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Results Components of the Global Commodity System Production Systems Palm Extraction Historically, most commercial pa lm leaves have been extracted from naturally occurring populations, those in which regeneration is a natural process. Even today, a large part of the palms encountered in markets originated in relatively unmanaged forest ecosystems (Everett, personal commu nication). Extractive systems vary with location but the procurement process is fairly uniform. An individual or team of extractors enters the forest on foot in search of naturally occurring palms or palm clusters. Trips to and from the forest frequently r equire several hours of walking. In many regions, distances from communities to harvesting locations have increased over time with sustained commercial pressure on the resource. Palm fronds are cut by hand to meet local and/or industry specifications u sing a modified machete or a knife. Extractors bundle the fronds into gruesas (144 stems in theory, but varied in practice); gruesas are later assembled into bultos ( gruesas bound or wrapped by burlap or blankets). The number of gruesas in a bulto depends on t he carrying capability of the harvester, but a bulto typically does not exceed ten gruesas. Carrying the bulto on their backs, extractors hike out of the forest or, in some contexts, to a central collection point in the forest, so animals or pickup trucks can bring out the palms. Extracted palms are typically sold to middlemen, or coyotes simply visit periodically to buy palms. Traditionally, extractors have been paid based on the quantity of gruesas harvested. In recent years there has been an effort in some areas to shift to quality driven purchasing (CEC, 2006) Selection and processing typically occur further along in the value chain. Palm Cultivation Palm plantations in agroforestry systems are the second important source of supply. As with many NTFP, t here is a growing trend toward system intensification and palm cultivation. Unlike the relative uniformity of the extractive production experience, plantations can take varied form. Perhaps the most (commercially) successful plantation system is cultivatio n under the natural forest canopy in recovering forest fallow. In this system, existing understory vegetation is cleared and palm plants are transplanted from germinated seed stock under the requisite shade of the original tree canopy. Coffee productio n systems represent another context within which palms are cultivated. Both the traditional polyculture and rustic coffee production systems common to Mexico contain a diverse assortment of commercial and useful species and palm fits well within these dive rsified systems. Palms have also been observed in cultivation under the shade of rubber tree plantations. Production Regions Commercial palm fronds destined for sale or redistribution in the United States have principally been procured from Mexico and Gu atemala (Figure 1 ), the former responsible for the greater share over the (CEC, 2002) (Figure 2 ). Figure 2 is deceptive, however, in its por trayal of overall production: not all palms enter the U.S. prior to broader distribution. In 2005, Guatemala, as a case in point, shipped principally to Holland (48.4%), followed closely by the United States (46.6%) (Reyes Rodas and Wilshusen, 2006) remains the leading producer. P alms from Belize are reaching international markets via illicit extraction by Guatemalan harvesters, who have for years been crossing the contested Guatema la Belize border to cut fronds for years (Bridgewater et al. 2006)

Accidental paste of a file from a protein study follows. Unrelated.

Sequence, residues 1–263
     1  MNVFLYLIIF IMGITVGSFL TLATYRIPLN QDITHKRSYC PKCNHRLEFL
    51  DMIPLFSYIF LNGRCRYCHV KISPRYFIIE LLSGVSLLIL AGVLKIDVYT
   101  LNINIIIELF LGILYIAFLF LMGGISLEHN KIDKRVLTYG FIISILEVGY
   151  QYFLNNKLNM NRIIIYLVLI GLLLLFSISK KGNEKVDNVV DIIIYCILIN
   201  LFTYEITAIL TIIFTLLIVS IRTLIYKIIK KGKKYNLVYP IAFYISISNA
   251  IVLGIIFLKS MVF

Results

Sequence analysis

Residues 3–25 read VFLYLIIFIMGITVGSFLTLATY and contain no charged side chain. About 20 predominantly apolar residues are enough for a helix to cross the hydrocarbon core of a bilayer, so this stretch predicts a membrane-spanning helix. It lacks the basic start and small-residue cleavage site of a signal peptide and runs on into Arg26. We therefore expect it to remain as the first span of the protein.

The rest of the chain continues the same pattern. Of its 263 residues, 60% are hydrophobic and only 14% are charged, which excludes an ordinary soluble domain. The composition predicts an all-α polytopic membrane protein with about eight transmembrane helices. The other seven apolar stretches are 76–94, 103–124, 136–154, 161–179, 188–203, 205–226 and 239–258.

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Figure 1 Principal palm regions **THI S IS ONLY A DRAFT FIGURE** Figure 2 Annual imports to the U.S. from Guatemala and Mexico (AMS, 2007) (ada pted from CEC 2002) Mexico Mexico encompasses several important palm regions. One of the most important, in terms of volume, is the Los Tuxtlas region in the state of Veracruz. In Veracruz, palms are primarily cultivated under the shad e of fallow forest. The rapid increase in the importance of cultivated palm in Veracruz corresponds with and contrasts the decline of palm extraction in the Chinantla region to the south, in the adjacent state of Oaxaca. Ri Cajonos valley, a source of naturally abundant palms, extraction remains a time and resource intensive production activity. Rising fuel prices coupled with high variability in extraction rates have negatively impacted contributions from this region. The states of Chiapas and Tabasco are important sources of extracted palms (Camarena M, 2005) A large majority of palms have historically originated from the Selva Lacandona located in the eastern part of Chiapas and sharing borders with Tabasco and El Petn, Guatemala. Another important extraction region in Chiapas extends along the Sierra Madre d e Chiapas the coastal range beginning east of the Isthmus of Tehuantepec (in Oaxaca) and running southeast toward Guatemala. At its northwestern limit, Chimalapas region. Throughout Chiapas and into Tabasco and the Ch imalapas, C.quetzalteca is the predominantly extracted commercial palm The El Cielo Biosphere Reserve in the state of Tamaulipas represents another important palm extraction region (Endress et al. 2006) Within the Reserve, extractors collect the leaves of C.radicalis from seasonal tropical and pine oak forests. San Luis Potosi is another Mexican state known to have significant palm extraction activity. Little information is available for this region, but the majority of the palm is C.elegans destined primarily for European markets. Guatemala s within the Maya Biosphere Reserve Petn (Reyes Rodas and Wilshusen, 2006) Palm extraction is an integral part of life and livelihoods in the ssions, in some villages contributing more than 50 percent to male incomes (Radachowsky a nd Ramos, 2004) A direct sale agreement in 2005 to commercialize palms between the largest U.S. palm importer and two community forest concessions Uaxactn and Carmelita represents a landmark development in the